Advice for ambitious 19 year olds

Usually, people are deciding between going to college (and usually working on side projects while they do so), joining a company, or starting their own startup. The secret is that any of these can be right answer, and you should make your decision based on the specific circumstances of each option. The critical point is that you want to do the thing that is most likely to get you on a path to do something great. (通常来说会选择读书,加入公司或者是创业。每一个都是正确选择,你需要根据实际情况来选择其中一个。关键是要让自己尽可能地上道,有机会去做些意义非凡的事情。)

No matter what you choose, build stuff and be around smart people. “Stuff” can be a lot of different things—open source projects outside of class, a startup, a new sales process at a company you work at—but, obviously, sitting around talking with your friends about how you guys really should build a website together does not count. The best people always seem to be building stuff and hanging around smart people, so if you have to decide between several options, this may be a good filter. (不管你的选择是什么,两件事:搞东西以及和聪明人合作。)

In making this decision, you want to take the right kind of risk. Most people think about risk the wrong way—for example, staying in college seems like a non-risky path. However, getting nothing done for four of your most productive years is actually pretty risky. Starting a company that you’re in love with is the right kind of risk. Becoming employee number 50 at a company that still has a good chance of failure is the wrong kind of risk.(在做决定时,要学会承担正确的风险。待在大学并不是没有风险,比如大学四年不做什么正经事情。创办自己公司投身自己热爱的事业则是正确的风险;以#50员工加入一家很有可能失败的公司则是错误的风险)

If you stay in college, make sure you learn something worthwhile and work on interesting projects—college is probably the best place to meet people to work with. If you’re really worried you’ll miss some critical social experience by dropping out of college, you should probably stay. (如果选择待在学校,确保自己学习和做些有趣的项目。通常学校是最适合找到合作伙伴的地方,如果你非常担心自己因为辍学而失去这种经历的话,那么你应该留在学校。)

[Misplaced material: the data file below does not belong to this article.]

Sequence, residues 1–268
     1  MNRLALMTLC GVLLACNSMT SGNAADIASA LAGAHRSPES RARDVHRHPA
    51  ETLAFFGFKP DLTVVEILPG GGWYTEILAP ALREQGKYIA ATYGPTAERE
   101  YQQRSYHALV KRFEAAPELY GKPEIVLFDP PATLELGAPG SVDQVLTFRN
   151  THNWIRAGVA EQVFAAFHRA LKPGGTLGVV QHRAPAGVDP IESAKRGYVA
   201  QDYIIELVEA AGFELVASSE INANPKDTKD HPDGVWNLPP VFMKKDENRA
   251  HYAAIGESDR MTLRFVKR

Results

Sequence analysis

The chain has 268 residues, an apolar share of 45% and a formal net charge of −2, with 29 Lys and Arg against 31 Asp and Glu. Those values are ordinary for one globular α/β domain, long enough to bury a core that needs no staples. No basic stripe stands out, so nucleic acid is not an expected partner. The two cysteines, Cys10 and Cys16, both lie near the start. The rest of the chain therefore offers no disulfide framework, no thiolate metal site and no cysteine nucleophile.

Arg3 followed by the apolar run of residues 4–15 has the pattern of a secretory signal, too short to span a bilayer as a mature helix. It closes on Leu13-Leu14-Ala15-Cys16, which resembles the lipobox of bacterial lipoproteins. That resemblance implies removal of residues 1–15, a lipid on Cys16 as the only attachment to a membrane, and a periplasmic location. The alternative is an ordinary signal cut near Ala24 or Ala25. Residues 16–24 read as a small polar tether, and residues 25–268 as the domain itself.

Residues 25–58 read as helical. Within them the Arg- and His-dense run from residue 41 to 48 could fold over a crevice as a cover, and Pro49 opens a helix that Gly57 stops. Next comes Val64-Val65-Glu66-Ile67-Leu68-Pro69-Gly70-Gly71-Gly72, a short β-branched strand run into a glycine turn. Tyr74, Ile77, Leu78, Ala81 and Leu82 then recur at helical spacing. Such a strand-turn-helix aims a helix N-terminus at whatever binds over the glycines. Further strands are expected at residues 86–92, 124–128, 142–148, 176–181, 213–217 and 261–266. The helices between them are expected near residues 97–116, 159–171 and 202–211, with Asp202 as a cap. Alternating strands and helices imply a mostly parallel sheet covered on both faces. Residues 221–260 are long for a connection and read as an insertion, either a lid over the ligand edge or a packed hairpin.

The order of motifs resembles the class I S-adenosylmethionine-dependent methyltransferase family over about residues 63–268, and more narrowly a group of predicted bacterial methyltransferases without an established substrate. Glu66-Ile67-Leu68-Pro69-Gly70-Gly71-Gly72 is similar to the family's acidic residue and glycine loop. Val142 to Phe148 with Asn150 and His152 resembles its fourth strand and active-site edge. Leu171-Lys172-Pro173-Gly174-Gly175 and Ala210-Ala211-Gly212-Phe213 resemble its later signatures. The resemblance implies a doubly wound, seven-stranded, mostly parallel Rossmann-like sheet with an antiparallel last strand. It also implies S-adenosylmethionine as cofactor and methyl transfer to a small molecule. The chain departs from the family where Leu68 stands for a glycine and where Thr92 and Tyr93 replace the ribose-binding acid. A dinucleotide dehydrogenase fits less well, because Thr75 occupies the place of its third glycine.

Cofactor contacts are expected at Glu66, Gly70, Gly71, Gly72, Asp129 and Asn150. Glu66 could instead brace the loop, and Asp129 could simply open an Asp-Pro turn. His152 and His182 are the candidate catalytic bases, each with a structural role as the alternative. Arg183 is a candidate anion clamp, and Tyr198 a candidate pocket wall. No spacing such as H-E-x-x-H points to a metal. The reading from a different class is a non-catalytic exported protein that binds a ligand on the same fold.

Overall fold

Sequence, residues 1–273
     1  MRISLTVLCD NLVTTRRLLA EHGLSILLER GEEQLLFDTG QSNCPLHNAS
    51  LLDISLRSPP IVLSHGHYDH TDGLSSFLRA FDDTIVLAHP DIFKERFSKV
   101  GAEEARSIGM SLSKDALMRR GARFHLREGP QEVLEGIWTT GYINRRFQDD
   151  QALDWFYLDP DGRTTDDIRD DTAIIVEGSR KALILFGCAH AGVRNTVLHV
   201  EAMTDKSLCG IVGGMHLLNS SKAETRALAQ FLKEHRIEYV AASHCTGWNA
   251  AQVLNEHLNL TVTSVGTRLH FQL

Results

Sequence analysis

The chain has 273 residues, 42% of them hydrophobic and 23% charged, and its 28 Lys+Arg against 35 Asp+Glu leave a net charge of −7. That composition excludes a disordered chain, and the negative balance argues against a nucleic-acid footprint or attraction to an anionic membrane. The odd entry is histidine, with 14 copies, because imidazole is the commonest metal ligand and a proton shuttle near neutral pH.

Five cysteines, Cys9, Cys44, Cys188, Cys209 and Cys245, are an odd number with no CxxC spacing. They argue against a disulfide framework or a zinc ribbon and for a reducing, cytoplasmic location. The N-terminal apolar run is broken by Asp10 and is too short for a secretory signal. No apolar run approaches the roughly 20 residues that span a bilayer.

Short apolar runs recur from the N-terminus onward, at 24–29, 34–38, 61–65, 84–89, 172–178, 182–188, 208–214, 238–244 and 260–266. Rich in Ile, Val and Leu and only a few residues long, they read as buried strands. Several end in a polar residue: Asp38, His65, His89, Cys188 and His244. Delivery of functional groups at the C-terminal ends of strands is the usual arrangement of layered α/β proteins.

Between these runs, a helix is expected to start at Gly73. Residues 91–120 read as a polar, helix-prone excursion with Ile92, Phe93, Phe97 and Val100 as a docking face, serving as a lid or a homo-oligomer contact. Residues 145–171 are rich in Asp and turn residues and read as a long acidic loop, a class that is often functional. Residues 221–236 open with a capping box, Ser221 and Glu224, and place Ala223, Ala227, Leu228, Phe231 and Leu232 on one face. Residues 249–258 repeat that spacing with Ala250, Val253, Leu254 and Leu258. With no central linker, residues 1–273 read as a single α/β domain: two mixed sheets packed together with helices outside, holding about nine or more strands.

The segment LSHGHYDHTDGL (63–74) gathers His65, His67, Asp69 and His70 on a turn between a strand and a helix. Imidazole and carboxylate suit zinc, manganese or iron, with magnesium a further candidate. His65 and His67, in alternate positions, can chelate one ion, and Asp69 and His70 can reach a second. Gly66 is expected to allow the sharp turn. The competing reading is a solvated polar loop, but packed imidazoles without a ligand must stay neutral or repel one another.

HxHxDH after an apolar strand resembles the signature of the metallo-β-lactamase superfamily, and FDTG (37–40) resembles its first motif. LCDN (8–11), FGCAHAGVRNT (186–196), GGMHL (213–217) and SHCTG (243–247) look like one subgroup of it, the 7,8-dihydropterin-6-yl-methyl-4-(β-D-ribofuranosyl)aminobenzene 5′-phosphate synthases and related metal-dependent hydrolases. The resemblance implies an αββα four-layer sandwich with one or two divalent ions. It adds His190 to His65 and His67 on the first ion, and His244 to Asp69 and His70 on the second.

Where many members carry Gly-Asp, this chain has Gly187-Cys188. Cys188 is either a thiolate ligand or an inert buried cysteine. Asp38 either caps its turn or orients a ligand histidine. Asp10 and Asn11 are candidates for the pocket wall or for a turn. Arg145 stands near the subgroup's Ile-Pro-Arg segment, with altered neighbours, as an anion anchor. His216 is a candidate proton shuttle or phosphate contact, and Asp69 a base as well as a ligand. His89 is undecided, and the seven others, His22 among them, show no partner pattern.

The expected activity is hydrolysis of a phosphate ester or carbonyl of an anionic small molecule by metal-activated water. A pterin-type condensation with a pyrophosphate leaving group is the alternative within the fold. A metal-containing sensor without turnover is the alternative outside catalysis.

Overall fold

If you join a company, my general advice is to join a company on a breakout trajectory. There are a usually a handful of these at a time, and they are usually identifiable to a smart young person. They are a very good risk/reward tradeoff. Such a company is almost certainly going to be successful, but the rest of the world isn’t quite as convinced of it as they should be. Fortunately, these companies love ambitious young people. In addition to the equity being a great deal (you might get 1/10th of the equity you’d get if you join a tiny new startup, but at 1/100th or 1/1000th of the risk), you will work with very good people, learn what success looks like, and get a W on your record (which turns out to be quite valuable). Spending a few years at a company that fails has path consequences, and working at an already-massively-successful company means you will learn much less, and probably work with less impressive people.(如果选择去公司的话,那么要去那种有突破方向的公司。通常这样的公司不是太多,并且对于聪明的年轻人很容易识别出来。这些公司风险回报率非常好,并且注定是要成功的,只不过对其他人来说并不显而易见。幸运的是这些公司也非常喜欢有雄心的年轻人。除了可观的股票之外,还可以和牛人工作和向他们学习,并且在履历上得到个W(??). 选择那些会失败的小公司会对职业发展不利,而选择去已经成功的大公司学习机会更少也不容易和牛人共事。)

Incidentally, don’t let salary be a factor. I just watched someone turn down one of these breakout companies because Microsoft offered him $30k per year more in salary—that was a terrible decision. He will not build interesting things and may not work with smart people. In a few years, when it’s time for something new, the options in front of him will be much worse than they could have been.(顺便说句,不要让薪水左右。)

If you start a company, only do so if you have an idea you’re in love with. If you’re hanging out with your friends trying to come up with an idea, I don’t think you should start that company (although there are many who disagree with me). Starting a failed startup is less bad than joining a failed company as an employee (and you’ll certainly learn much more in the former case). If you fail at an idea that you really loved and could have been great, you’re unlikely to regret it, and people will not hold it against you. Failing at a me-too copycat startup is worse. Remember that there will be lots of other opportunities to start companies, and that startups are a 6-10 year commitment—wait for the right one(自己创业失败比加入创业公司失败好要点,因为至少你能够学到非常多的东西。只有当你非常热爱某个idea时候你才需要创业,即使失败你也不太可能会感到遗憾,其他人也不会埋怨你。做copycat创业失败更加悲剧。创业的机会有很多,并且通常要做6-10年,所以要等待正确的那个机会)

One big pro for starting a company is that it’s usually the way to learn the most in the shortest amount of time. One big con is that it’s easy to start a company for the wrong reasons—usually so that you can say you’re starting a company—and this makes it easy to cloud your judgment. No matter what you choose, keep your personal burn rate low and minimize your commitments. I have seen a lot of people miss great opportunities because they couldn’t afford a reduction in salary or because they couldn’t move or didn’t have the time.(不要为了面子等一些错误原因而创业,以及保持低开销)

Think about risk the right way. Drew Houston gave a great commencement speech where he said you only have to be right once. That’s true. The risk is not getting on the path where you get to be right that one critical time. (风险是,在关键时间点上,你错过了你本应该选择正确的路)

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